This week, Insight writer and EAL teacher Michael Daniel outlines how to prepare for the EAL Year 12 course.
Welcome to Year 12 English as an Additional Language (EAL)! You’re probably excited, and maybe a bit nervous, about beginning your final year of secondary study. But don’t worry, you’re not alone – many other students are thinking about how they can make an effective start to the year.
Below are a few tips on how to prepare for the exciting challenges ahead.
Building a study routine
Now is the time to develop consistent daily study habits, which will help you when assessment time approaches. Aim to do approximately three hours of study each day (for all subjects – not just EAL) from Monday through to Friday, and approximately eight to ten hours on the weekend. You may choose to do some of this study before school.
Drawing up a weekly study plan for each subject will help you to keep track of what you need to revise. Make sure you write down times when you are not available, and set aside free time so that you are refreshed and relaxed.
It is also a good idea to revise what you have learned after each day’s study. Many students find it useful to spend 15 to 20 minutes at the start of their study session writing out (from memory) the main points they have learned in each subject. Afterwards, they read over their notes, make corrections and add in any details they may have forgotten. Writing out notes like this helps you to remember important points.
You should also aim to read material for the following day’s lessons. As you do this, write down a list of questions or things you are uncertain about. Make sure you follow up on these with your teacher if you need to.
Reading your set texts
If you have not already done so, read (or watch) your first text immediately. When reading a text for the first time, aim to familiarise yourself with the plot or storyline. You should also think about the main characters and themes. While you read, take notes and underline any important quotes or passages.
You should aim to do a second read-through of the text as soon as possible (maybe while you are studying the text in class). Once you know the story, you should make detailed notes about the text, including significant quotes and passages. You may find it useful to organise your notes according to characters and themes.
If you have not already done so, start reading your second and third texts, so that you are familiar with their plots, characters and themes, too.
Organise your reading into manageable sections: for example, one chapter per night. When reading your texts, do not look up every unfamiliar word. Instead, try to guess or work out the meaning of a word from its context. If you cannot do this, check the meaning in a dictionary. Using a print dictionary (either English or bilingual) will help you to practise for when you sit SACs and the end-of-year examination, as online dictionaries are not permitted in these settings.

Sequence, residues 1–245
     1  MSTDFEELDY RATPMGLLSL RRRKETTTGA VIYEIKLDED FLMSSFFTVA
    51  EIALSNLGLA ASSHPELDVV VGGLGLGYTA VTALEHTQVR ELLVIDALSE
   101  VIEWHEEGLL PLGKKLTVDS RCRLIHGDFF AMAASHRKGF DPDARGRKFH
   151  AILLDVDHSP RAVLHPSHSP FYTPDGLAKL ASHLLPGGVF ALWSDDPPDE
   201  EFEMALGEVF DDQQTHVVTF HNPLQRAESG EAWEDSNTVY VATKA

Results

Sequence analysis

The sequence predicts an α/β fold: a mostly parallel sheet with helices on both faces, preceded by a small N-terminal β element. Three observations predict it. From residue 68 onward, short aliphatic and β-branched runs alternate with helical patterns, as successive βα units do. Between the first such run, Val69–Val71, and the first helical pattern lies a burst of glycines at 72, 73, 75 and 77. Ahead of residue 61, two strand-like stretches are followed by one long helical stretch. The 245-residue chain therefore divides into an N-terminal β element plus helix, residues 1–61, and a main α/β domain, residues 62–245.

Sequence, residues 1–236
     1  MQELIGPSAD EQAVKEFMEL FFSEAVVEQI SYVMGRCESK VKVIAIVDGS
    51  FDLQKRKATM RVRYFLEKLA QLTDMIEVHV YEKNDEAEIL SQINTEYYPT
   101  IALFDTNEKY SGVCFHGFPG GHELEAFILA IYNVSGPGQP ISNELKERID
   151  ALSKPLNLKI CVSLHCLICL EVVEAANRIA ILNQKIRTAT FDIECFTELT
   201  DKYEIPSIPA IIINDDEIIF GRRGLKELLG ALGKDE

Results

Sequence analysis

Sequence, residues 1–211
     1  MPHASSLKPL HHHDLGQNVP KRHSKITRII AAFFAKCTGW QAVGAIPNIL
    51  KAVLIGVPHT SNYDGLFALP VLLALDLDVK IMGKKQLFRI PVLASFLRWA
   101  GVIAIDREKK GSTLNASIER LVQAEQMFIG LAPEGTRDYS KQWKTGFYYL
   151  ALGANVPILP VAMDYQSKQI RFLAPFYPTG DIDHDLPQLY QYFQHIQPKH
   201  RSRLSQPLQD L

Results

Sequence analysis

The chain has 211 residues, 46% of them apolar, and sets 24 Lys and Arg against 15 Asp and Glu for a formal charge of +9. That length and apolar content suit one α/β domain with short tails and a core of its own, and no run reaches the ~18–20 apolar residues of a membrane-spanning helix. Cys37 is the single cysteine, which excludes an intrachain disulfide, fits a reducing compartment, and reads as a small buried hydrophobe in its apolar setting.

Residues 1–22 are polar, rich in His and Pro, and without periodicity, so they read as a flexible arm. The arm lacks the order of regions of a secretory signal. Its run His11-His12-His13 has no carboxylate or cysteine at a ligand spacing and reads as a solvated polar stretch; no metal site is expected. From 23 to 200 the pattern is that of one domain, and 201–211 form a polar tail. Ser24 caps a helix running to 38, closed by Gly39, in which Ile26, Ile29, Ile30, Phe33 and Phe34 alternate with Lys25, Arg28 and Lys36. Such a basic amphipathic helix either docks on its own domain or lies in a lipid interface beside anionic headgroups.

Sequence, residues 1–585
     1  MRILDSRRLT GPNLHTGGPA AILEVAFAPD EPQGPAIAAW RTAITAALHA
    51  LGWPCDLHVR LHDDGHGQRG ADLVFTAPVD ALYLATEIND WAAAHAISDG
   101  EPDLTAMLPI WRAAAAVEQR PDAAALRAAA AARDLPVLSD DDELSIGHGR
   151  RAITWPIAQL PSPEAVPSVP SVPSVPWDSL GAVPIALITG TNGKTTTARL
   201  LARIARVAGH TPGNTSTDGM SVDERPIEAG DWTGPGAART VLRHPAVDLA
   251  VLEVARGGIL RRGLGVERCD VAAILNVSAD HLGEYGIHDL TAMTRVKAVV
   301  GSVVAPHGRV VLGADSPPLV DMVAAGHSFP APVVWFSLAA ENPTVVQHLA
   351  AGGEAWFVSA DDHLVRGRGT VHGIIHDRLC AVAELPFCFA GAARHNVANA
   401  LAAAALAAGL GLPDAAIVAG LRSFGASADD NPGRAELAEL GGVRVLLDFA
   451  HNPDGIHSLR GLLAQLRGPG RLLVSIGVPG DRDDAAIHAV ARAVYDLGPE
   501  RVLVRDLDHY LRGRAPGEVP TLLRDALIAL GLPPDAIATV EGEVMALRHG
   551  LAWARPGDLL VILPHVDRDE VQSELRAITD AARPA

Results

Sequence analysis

Developing your analytical skills
In Year 12, you will also work on your analytical skills. In addition to completing the work set by your teacher for this Area of Study, you should develop your skills by regularly reading argumentative and persuasive texts, such as letters to the editor, opinion pieces and feature articles. You should aim to read one persuasive text (even if it is only a short letter to the editor) at least every second day, and practise making notes about a persuasive text at least once a week.
Do not be a passive reader; after reading a persuasive text, write a dot-point summary of the issue, the writer’s contention/point of view and the supporting arguments. You should also try to identify how the author attempts to validate their argument, and the persuasive language they use to do this. Think about how the writer wants the intended readers to feel and think.
Improving your listening skills
The third Area of Study is designed to develop your listening skills. Every time you have a conversation with someone in English, you are practising and developing your listening comprehension. Therefore, it is important that you engage in as many conversations in English as you can, even if you struggle to sometimes to speak or understand the language.
You should also aim to watch television and listen to the radio in English every day. When watching television, you may use subtitles to help you understand the spoken English. One useful strategy to familiarise yourself with radio broadcasts is to listen to the news every day. The news is usually broadcast during the first five minutes of each hour on stations such as ABC Radio National (AM 621 in Melbourne). Try to write dot-point summaries of what you hear.
As Term 1 progresses, aim to listen to an extended radio program to practise your listening skills. The ABC Radio National website (https://www.abc.net.au/radionational/) contains many interesting programs on subjects such as science, music, current affairs, books and philosophy. You may also find programs about subjects you are currently studying.
Lastly, don’t forget to have fun. This year is the result of all of the hard work you’ve done throughout your schooling career, and following the tips above will help you to finish on a strong note.
Need a comprehensive overview of the Year 12 EAL course? Purchase Insight’s EAL Year 12 2nd edition by Melanie Napthine and Michael E Daniel. This 2nd edition of the market-leading EAL Year 12 provides comprehensive coverage of the VCE English as an Additional Language course. The book includes tools, tips, models, word banks and cloze exercises to assist in progressively developing your writing skills, as well as your listening and comprehension abilities.
EAL Year 12 2nd edition is produced by Insight Publications, an independent, Australian educational publisher.
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